Ethics approval for the study was obtained from the Committee of Cellular and Molecular Biology Research Center, Shahid Beheshti University of Medical Sciences, Tehran, Iran (Approval Number: IR.SBMU.MSP. REC.1395.3.5) on June 26, 2016. The patients were informed about the study and accordingly written consents were obtained from them.

DNA extraction and nagt PCR-RFLP

DNA was extracted using a High Pure PCR Template Preparation Kit (Roche Diagnostics GmbH, Mannheim, Germany) according to the manufacturer’s instructions. The extracted DNA was stored at –20 °C until used. To amplify partial sequence of the nagt gene, specific primers L1 (Forward: 5’ TCA TGA CTC TTG GCC TGG TAG 3’) and L4 (Reverse: 5’ CTC TAG CGC ACT TCA TCG TAG 3’) were used[15]. The amplification was carried out by PCR- ready pre-mix (Taq DNA Polymerase Master Mix RED, Denmark). Amplification reactions were set for a total volume of 25 μl, containing 12.5 μl premix, 1 μl forward and reverse primer (10 pmol), 4 μl DNA templates, and 7.5 μl double distilled water. PCR amplification was done with an initial denaturing step at 94 °C for 1 min, followed by 35 cycles at 94 °C for 1 min, 58 °C for 1 min, and 72 °C for 90 sec. This process was followed by final extension at 72 °C for 5 min[12]. About 3 μl of the amplification products were visualized using agarose gel electrophoresis on the 1% agarose gel (Invitrogen, Life Technologies GmbH, and Germany) stained with Safe stain. Negative and positive controls always monitored the reactions. Standard reference strains of L. major [MRHO/IR/11/GOL-2 (Acc. No. JN860745)] and L. tropica [MHOM/IR/02/Mash10 (Acc. No. EF653267)] obtained from the School of Public Health, Tehran University of Medical Sciences were used as positive controls. The sets of primers (L1 and L4) can amplify a fragment of approximate 1450–60 bp of the nagt gene in Leishmania genus parasites. Species identification was carried out by RFLP analysis. Acetyl- coenzyme A carboxylase 1 (ACC1) (Xmil) enzyme (Fermentas GmbH, Thermo Scientific, Germany) can provide different digestion patterns for different species of Leish- mania[15]. In the next step, 10 μl of the PCR product, 2 μl of the enzyme buffer, 1 μl of the ACC1 (Xmil) enzyme and 17 μl double distilled water were added to the reaction. The mixture was incubated at 37 °C for 12 h and then visualized on 1.5% agarose gel.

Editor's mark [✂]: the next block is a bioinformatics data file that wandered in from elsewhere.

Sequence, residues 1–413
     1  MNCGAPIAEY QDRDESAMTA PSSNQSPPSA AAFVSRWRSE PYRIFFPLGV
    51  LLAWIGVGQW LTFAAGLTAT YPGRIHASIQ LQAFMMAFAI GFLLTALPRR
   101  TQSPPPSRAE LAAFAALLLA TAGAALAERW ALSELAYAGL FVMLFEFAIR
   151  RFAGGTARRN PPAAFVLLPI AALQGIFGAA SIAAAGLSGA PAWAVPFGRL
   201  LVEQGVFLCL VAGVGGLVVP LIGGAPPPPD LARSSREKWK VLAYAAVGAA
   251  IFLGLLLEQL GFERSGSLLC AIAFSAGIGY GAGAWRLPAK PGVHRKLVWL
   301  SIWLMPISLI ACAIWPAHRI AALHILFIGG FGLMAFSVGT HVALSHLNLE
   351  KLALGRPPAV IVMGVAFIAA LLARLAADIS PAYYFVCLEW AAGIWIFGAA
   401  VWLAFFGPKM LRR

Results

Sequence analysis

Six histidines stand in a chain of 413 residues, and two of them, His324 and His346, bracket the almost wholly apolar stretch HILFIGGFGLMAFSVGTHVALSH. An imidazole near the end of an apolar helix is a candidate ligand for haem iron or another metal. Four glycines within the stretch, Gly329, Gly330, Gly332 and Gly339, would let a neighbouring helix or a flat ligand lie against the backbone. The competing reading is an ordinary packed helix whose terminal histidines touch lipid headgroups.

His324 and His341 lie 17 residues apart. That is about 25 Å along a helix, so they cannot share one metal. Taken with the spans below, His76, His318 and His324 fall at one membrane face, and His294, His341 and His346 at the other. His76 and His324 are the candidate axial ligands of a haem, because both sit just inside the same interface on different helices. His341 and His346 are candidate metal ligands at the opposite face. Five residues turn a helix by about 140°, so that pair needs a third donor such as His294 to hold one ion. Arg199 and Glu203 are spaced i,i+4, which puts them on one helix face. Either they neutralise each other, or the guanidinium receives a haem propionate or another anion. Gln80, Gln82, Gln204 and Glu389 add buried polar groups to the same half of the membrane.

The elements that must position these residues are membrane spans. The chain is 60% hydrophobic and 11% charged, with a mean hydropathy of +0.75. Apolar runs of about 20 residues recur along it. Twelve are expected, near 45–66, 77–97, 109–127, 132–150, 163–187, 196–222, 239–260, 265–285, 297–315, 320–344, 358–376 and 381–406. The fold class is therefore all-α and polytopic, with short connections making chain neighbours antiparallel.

Sequencing and phylogenetic analysis

To study the genetic diversity and phylogenetic relationship, 10 Leishmania isolates were sequenced by the Sanger method in both directions, with the same primers used for amplification by Pouya Gostar Gene Company (www.pggene.com) in a Genetic Analyzer ABI 3730 (Bi- oneer, Daejeon, South Korea).

The sequences were checked manually for ambiguities using the BioEdit software version 7.1.3.0. To find similarities, DNA sequences were compared with sequences deposited in the GenBank using the basic local alignment search tool (BLAST) analysis (http://blast. ncbi.nlm.nih.gov). Nucleotide sequences were submitted to the GenBank using Sequin. The genetic distance was calculated and phylogenetic tree was constructed using the neighbour-joining (NJ) method in Tamura parameter option for DNA sequences, and in poisson option for the resulting amino acids sequences using the molecular evolutionary genetic analysis (MEGA) software version 5.1[18].